E-mail Tim Panaccio at tpanotch@comcast.net

Related: Jackson's Five: Chapter 3 in Flyers-Sabres Big 5-on-3 penalty kill a turning point in Flyers' win

Stanley Cup: Offseason moves send Sharks to final after missing playoffs

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USA Today Images

Stanley Cup: Offseason moves send Sharks to final after missing playoffs

SAN JOSE, Calif. -- After watching the San Jose Sharks miss the playoffs for the first time in more than a decade, general manager Doug Wilson set out to remake the team last offseason.

Individually, none of the moves sent shockwaves through the NHL. The Sharks hired a coach who made the playoffs once in seven seasons as an NHL coach, traded a first-round pick for a goalie who had been a backup his entire career, added two playoff-tested veterans for depth at forward and defense and signed an unheralded Finnish rookie.

Together, the additions of Peter DeBoer, Martin Jones, Joel Ward, Paul Martin and Joonas Donskoi to a solid core that had underachieved proved to be the right mix to get the Sharks to their long-awaited first Stanley Cup Final appearance.

"I thought this team has a lot of the pieces of that puzzle," Martin said. "Doug did a great job bringing guys in that he did, to make that push for it. I don't think many people would have guessed that we'd be here right now, but I think we believed."

The players all said the disappointment of blowing a 3-0 series lead to Los Angeles in 2014 and then missing the playoffs entirely last season served as fuel for this season's success.

DeBoer also credited former coach Todd McLellan for helping put the foundation in place that he was able to capitalize on. The Sharks became the second team in the past 10 seasons to make it to the final after missing the playoffs the previous season, joining the 2011-12 Devils that pulled off the same trick in DeBoer's first season in New Jersey.

"Everyone was ready for something a little bit fresher and newer, not anything that much different," DeBoer said. "The additions that Doug made, it just came together. I inherited a similar team in New Jersey when I went in there. First time they missed the playoffs for a long time the year before I got there. I think when you go into that situation, when you have really good people like there was in New Jersey when I went in there, like I was with this group ... they're embarrassed by the year they just had, and they're willing to do and buy into whatever you're selling to get it fixed again. I think I was the benefactor of that."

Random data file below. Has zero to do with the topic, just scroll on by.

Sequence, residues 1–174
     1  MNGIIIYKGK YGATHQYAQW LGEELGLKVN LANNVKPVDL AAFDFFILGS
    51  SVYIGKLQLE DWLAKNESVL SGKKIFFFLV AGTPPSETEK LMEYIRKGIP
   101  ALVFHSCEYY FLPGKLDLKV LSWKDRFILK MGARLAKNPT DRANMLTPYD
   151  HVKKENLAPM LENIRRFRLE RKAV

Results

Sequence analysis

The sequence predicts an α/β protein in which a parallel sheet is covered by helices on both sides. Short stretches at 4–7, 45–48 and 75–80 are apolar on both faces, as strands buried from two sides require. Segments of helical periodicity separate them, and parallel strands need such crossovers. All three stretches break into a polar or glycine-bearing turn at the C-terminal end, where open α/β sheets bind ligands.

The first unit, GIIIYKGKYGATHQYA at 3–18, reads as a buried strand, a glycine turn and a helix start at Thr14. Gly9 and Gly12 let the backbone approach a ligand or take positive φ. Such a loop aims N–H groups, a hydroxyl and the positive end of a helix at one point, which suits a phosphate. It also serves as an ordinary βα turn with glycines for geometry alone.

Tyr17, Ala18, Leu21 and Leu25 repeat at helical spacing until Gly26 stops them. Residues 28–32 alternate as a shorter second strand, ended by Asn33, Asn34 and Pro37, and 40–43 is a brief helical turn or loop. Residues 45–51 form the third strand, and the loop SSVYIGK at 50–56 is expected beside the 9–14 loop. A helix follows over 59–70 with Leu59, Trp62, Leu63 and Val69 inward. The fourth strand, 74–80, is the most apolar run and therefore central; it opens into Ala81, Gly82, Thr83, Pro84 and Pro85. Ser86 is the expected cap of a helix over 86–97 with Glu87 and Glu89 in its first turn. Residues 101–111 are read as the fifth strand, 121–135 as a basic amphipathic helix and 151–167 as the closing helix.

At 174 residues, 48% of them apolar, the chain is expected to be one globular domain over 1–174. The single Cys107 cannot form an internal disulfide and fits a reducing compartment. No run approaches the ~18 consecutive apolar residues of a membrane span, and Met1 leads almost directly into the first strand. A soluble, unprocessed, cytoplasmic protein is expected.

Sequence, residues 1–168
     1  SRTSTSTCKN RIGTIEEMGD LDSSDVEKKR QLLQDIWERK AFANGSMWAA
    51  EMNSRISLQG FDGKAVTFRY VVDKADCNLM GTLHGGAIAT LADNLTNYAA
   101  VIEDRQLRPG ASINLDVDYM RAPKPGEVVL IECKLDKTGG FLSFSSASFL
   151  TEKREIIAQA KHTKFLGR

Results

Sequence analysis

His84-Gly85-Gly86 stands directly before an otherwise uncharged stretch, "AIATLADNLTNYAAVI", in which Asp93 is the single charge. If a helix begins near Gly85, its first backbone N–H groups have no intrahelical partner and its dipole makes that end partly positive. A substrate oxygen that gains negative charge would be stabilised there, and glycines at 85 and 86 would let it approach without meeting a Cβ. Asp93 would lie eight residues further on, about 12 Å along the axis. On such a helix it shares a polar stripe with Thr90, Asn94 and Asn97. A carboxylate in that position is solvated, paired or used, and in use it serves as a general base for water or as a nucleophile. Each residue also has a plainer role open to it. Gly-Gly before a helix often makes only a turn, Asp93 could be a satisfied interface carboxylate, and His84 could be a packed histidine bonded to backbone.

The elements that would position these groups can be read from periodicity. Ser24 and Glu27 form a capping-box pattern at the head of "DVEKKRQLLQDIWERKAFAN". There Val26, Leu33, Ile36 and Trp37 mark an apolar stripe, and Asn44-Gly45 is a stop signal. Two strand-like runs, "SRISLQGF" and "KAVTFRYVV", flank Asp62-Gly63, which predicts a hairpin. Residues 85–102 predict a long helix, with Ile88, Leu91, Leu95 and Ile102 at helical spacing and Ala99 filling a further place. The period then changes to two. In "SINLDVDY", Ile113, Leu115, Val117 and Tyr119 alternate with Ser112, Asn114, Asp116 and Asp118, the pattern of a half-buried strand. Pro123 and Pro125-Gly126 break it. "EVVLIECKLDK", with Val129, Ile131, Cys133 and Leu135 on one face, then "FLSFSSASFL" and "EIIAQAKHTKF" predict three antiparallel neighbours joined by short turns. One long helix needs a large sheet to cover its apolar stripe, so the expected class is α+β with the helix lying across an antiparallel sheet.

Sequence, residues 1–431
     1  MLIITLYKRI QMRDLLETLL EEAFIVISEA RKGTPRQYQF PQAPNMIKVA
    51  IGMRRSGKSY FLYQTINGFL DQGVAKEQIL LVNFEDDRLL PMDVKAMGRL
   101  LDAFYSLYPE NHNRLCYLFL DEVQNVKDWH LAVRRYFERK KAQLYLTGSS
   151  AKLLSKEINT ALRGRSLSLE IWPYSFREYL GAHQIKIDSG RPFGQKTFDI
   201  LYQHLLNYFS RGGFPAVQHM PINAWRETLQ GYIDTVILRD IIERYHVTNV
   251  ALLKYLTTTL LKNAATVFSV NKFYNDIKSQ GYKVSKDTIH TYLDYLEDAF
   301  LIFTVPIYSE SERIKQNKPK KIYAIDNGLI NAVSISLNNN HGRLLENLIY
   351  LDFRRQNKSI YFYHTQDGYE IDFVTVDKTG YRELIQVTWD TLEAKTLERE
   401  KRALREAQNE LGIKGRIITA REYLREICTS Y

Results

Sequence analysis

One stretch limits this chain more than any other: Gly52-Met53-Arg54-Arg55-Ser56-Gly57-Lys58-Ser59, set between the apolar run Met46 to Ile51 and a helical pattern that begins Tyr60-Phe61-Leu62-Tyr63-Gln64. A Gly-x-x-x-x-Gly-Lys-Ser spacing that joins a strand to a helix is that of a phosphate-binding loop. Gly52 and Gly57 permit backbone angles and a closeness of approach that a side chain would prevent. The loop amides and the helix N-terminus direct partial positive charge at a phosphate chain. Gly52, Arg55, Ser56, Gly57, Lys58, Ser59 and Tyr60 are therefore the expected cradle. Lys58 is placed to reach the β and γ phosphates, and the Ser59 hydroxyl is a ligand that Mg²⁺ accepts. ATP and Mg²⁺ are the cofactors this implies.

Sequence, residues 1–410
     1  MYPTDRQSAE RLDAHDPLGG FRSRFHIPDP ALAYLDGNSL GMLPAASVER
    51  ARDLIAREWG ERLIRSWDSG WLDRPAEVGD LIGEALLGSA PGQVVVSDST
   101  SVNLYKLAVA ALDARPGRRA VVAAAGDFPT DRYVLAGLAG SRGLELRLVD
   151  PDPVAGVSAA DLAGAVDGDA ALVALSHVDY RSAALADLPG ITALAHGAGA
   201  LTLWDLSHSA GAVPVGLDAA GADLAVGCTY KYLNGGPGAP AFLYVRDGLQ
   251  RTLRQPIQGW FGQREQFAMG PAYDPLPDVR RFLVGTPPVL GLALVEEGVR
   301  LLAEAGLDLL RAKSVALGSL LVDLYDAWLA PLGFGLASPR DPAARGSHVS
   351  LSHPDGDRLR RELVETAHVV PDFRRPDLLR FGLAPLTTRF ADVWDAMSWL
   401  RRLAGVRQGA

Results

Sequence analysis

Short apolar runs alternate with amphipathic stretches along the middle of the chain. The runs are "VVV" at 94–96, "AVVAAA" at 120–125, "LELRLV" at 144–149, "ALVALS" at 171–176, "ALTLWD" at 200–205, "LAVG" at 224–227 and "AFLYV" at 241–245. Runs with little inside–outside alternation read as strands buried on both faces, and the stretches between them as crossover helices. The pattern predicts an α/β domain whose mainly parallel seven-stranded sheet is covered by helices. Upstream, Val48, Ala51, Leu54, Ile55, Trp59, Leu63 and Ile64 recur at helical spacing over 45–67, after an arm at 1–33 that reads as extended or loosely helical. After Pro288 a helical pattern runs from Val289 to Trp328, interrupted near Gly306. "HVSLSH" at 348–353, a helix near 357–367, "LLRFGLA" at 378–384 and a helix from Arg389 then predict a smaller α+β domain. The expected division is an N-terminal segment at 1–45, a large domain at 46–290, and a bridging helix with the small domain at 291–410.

The transition from McLellan to DeBoer wasn't seamless. As late as Jan. 8, the Sharks were in 13th place in the 14-team Western Conference and seemingly on the way to another missed postseason.

But with Logan Couture finally healthy after being slowed by a broken leg early in the season and the move by DeBoer to put Tomas Hertl on the top line with Joe Thornton and Joe Pavelski, the Sharks rolled after that and made the playoffs as the third-place team in the Pacific Division.

In-season additions of players like depth forwards Dainius Zubrus and Nick Spaling, physical defenseman Roman Polak and backup goaltender James Reimer helped put the Sharks in the position they are now.

"With the new coaching staff we needed to realize how we needed to play to win," Thornton said. "Once that clicked, and that probably clicked maybe early December, I think after that, we just exploded. I think that's really when we saw the depth of this team. Everybody plays a big part."

That has been especially true in the playoffs when longtime core players like Thornton, Couture, Joe Pavelski and Patrick Marleau got the support that had often been lacking during past postseason disappointments.

Jones has posted three shutouts in the playoffs, including the Game 7 second-round clincher against Nashville and back-to-back games in the conference final against St. Louis. He has proven more than capable of being an NHL starter after serving an apprenticeship as Jonathan Quick's backup in Los Angeles.

Ward scored two goals in each of the final two games of the conference final and has 11 points this postseason. Donskoi exceeded expectations just to make the team as a rookie and has solidified his spot on the second line with five goals and nine points.

Martin's steady play has allowed offensive-minded defenseman Brent Burns to roam at times and given San Jose a strong second defensive pair that had been missing in previous seasons.

Zubrus and Spaling played a big role as penalty killers and on the fourth line, while Polak has been one of the team's most physical players.

"Doug did a great job this summer, this season," Couture said. "A lot of credit needs to go to him for the guys he brought in."

Flyers defensive prospect Ivan Provorov named CHL Defenseman of the Year

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Flyers defensive prospect Ivan Provorov named CHL Defenseman of the Year

Flyers prospect and Brandon Wheat Kings defenseman Ivan Provorov on Saturday afternoon was named the 2015-16 Canadian Hockey League's Defenseman of the Year.

Provorov, who the Flyers drafted with the seventh overall pick in 2015, recorded 21 markers, 73 points and was a plus-64 in 62 games with Brandon during the regular season.

The 19-year-old beat out Windsor's Mikhail Sergachev and Shawinigan's Samuel Girard for the honor. Both Sergachev and Girard are eligible for this year's draft, which is June 24-25 in Buffalo, New York.